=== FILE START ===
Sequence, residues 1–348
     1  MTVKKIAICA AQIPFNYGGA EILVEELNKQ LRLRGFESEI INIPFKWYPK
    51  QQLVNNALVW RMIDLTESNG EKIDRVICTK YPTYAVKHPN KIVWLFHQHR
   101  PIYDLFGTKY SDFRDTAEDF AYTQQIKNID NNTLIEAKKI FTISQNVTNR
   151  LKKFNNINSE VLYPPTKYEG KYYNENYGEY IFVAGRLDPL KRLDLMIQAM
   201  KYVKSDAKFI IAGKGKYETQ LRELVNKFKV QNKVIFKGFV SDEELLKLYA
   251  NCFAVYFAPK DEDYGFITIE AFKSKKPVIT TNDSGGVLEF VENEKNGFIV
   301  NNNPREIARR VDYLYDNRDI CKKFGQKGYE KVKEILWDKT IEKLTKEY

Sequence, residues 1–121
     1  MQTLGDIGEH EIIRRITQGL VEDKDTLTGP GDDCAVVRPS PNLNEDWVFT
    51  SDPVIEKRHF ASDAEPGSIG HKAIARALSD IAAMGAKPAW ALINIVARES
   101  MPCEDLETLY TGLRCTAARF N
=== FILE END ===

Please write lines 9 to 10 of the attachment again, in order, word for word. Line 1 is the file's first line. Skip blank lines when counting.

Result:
Sequence, residues 1–121
     1  MQTLGDIGEH EIIRRITQGL VEDKDTLTGP GDDCAVVRPS PNLNEDWVFT